How to Change an Industry. Or Not.

I can’t hold back any longer. I have to weigh in on the Ontario government’s neonicotinoid ban.  I’m not interested in arguing the issue. I’m also not here to debate whether our agricultural industry is or isn’t doing enough to protect bees (or butterflies, birds, worms, water, etc.). The declining health of pollinators is a fact, and it concerns me. If it doesn’t concern you, it should because there isn’t perhaps a creature on earth more critical to human survival than the honeybee.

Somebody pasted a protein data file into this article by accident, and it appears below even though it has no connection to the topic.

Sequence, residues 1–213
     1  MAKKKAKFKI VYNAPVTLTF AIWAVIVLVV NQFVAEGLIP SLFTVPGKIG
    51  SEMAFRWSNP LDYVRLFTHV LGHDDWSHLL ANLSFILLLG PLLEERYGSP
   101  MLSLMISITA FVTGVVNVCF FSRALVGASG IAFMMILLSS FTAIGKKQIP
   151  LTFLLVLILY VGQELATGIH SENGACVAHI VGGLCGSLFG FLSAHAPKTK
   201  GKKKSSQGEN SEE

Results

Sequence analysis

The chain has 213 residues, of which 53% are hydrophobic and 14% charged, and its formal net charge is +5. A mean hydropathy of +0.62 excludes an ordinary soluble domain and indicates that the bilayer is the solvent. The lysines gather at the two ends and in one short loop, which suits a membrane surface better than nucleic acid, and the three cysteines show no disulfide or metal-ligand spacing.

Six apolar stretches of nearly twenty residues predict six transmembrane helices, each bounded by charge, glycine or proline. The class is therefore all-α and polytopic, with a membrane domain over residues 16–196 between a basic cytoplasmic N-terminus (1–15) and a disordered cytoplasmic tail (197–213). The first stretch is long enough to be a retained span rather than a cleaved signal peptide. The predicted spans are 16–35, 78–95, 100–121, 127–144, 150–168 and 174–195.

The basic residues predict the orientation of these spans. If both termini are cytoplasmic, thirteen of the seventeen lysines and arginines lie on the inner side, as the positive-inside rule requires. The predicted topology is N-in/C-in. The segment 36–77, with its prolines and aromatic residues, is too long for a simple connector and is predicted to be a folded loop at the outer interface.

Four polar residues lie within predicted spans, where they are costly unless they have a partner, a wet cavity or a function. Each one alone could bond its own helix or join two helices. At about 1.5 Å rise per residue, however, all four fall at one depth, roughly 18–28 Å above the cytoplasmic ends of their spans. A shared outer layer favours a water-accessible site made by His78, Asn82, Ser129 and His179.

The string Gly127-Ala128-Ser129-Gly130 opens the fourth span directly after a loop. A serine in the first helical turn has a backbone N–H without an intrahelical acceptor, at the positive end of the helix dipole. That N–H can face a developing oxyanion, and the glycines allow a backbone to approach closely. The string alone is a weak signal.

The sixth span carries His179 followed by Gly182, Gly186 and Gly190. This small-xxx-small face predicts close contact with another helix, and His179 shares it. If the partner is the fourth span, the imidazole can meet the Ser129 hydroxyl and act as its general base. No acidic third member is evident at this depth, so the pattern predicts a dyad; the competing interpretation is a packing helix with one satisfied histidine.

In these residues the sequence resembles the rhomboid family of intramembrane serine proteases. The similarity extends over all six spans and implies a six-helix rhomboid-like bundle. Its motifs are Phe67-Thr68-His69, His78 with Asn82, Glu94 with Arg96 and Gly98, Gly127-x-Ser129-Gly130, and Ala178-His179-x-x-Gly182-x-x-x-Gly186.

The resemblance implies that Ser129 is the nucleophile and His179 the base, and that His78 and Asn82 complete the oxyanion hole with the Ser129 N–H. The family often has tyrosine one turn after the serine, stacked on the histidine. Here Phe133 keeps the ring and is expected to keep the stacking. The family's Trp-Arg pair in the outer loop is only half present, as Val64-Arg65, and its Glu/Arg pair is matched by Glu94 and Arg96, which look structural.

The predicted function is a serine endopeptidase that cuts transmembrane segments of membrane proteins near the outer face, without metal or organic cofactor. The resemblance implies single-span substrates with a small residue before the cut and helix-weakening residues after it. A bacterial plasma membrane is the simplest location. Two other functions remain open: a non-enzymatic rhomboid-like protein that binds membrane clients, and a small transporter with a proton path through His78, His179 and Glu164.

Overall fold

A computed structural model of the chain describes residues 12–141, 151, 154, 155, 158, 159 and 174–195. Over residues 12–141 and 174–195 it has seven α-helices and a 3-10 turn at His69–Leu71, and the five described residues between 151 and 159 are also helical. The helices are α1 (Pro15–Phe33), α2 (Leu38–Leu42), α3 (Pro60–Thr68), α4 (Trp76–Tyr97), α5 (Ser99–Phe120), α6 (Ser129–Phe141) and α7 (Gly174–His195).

What perplexes me about this is how it has been handled by our government. Change is inevitable in every aspect of our lives; our businesses, industries, and societies must all change. Our human nature is to resist change, even when we know it’s inevitable. So, the true test of any leader is their ability to manage through change, articulating its urgency in a fashion that creates understanding and builds support for a vision of a better future. Stakeholders must feel empowered, which requires inclusion in the process and recognition of activities that move the initiative forward either as planned or through innovation. This recipe for successful change management has been widely accepted in the business community for 30 years now, since first being published by Harvard Business School’s John P. Kotter after observing hundreds of companies attempt to reinvent themselves. Through just about every step of this process our government has failed so far. If any business or organization attempted to push through changes in the fashion the government has employed, it would fail miserably and without question. There is no buy-in from key stakeholders, no trust or open communication and certainly no leadership.